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Home > Media Reviews > News Review Last Updated: 14:38 02/19/2008
News Review #433: February 19, 2008

Govt Likely to Take in Myanmar Refugees

Reviewed by Takahiro MIYAO

Govt Likely to Take in Myanmar Refugees
Daily Yomiuri (2/18/2008)

Japan to Take in Dozens of Myanmar Refugees, Yomiuri Says (2/18/2008)


It has been reported in Daily Yomiuri and followed up by Bloomberg (see the links above) that the Japanese government will probably take in a number of Myanmar refugees who are now staying in Thailand. If this happens, it would be the first time the Japanese government admits refugees currently staying in a third country. In the past Japan has virtually refused to accept refugees by imposing a condition that refugees should be assessed whether they are suitable for admission to Japan as refugees after they enter Japan - a risky proposition for poor, uninformed refugees. This time, the government will introduce a system to assess refugees while they are still in a third country, so that Myanmar refugees may travel to Japan with refugee status already approved.

This is certainly a desirable, although belated, move on the part of the Japanese government, who has been criticized as being too strict and uncooperative on the refugee problem in the international community. However, it is also reported that this move is not going to happen at least until next year, because all the related government agencies such as foreign affairs, justice, health, labor and welfare ministries need to get together to discuss necessary changes in rules and regulations in a bottom-up fashion under the present circumstances.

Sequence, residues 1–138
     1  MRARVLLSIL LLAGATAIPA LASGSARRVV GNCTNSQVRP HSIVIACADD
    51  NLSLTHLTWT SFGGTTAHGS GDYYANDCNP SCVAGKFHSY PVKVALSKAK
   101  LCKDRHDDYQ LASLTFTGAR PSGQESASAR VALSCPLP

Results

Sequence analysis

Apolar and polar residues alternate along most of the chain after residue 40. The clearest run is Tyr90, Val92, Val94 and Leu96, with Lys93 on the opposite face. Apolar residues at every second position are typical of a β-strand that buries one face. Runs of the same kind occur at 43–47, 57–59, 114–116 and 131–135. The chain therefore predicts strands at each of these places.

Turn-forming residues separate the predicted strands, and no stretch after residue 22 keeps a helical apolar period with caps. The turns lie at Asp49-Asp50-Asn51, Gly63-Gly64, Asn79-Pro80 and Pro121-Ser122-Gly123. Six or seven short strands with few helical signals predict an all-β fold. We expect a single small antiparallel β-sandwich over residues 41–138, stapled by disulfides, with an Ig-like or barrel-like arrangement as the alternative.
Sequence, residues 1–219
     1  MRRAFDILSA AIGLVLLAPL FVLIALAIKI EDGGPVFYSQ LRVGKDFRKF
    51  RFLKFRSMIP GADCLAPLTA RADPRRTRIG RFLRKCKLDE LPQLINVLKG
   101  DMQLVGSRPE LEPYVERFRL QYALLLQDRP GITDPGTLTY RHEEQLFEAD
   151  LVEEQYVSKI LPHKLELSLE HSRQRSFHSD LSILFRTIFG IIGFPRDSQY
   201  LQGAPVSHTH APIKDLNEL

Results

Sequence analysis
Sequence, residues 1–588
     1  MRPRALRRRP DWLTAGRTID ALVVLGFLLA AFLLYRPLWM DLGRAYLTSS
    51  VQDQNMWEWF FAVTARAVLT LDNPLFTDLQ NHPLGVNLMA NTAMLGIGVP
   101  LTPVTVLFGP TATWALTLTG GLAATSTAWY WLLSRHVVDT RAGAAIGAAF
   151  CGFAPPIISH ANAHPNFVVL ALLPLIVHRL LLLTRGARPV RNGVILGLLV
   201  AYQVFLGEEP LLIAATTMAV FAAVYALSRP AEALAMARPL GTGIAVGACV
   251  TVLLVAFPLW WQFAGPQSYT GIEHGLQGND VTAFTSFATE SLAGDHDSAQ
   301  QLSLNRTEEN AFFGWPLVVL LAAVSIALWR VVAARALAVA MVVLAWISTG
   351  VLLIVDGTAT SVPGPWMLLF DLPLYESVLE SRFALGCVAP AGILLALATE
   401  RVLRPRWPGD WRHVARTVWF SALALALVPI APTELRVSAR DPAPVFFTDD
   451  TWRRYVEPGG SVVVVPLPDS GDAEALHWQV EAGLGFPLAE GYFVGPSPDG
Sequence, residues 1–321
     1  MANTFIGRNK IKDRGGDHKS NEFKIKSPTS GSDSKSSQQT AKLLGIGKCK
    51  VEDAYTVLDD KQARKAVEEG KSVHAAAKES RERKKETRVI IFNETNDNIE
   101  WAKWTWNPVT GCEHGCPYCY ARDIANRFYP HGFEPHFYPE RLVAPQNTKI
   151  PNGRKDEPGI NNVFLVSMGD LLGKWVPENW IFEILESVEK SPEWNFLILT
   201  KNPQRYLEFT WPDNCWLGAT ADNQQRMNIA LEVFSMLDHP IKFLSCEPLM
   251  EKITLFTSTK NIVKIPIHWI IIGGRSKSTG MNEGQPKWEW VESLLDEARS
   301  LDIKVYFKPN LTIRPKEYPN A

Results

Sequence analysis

Clearly, what is necessary is political leadership to accelerate this desirable move, and Prime Minister Fukuda must act now to initiate this process in a top-down fashion so that at least some refugees may be admitted to Japan within the next few months as a signal to the international community that Japan is willing to change its long-standing "anti-refugee" policy to a more accommodating one in the near future. It is the political initiative, not actual legal arrangements, that matters in international relations in this age of information and globalization.

This review is adopted from the following blog (with its Japanese translation):

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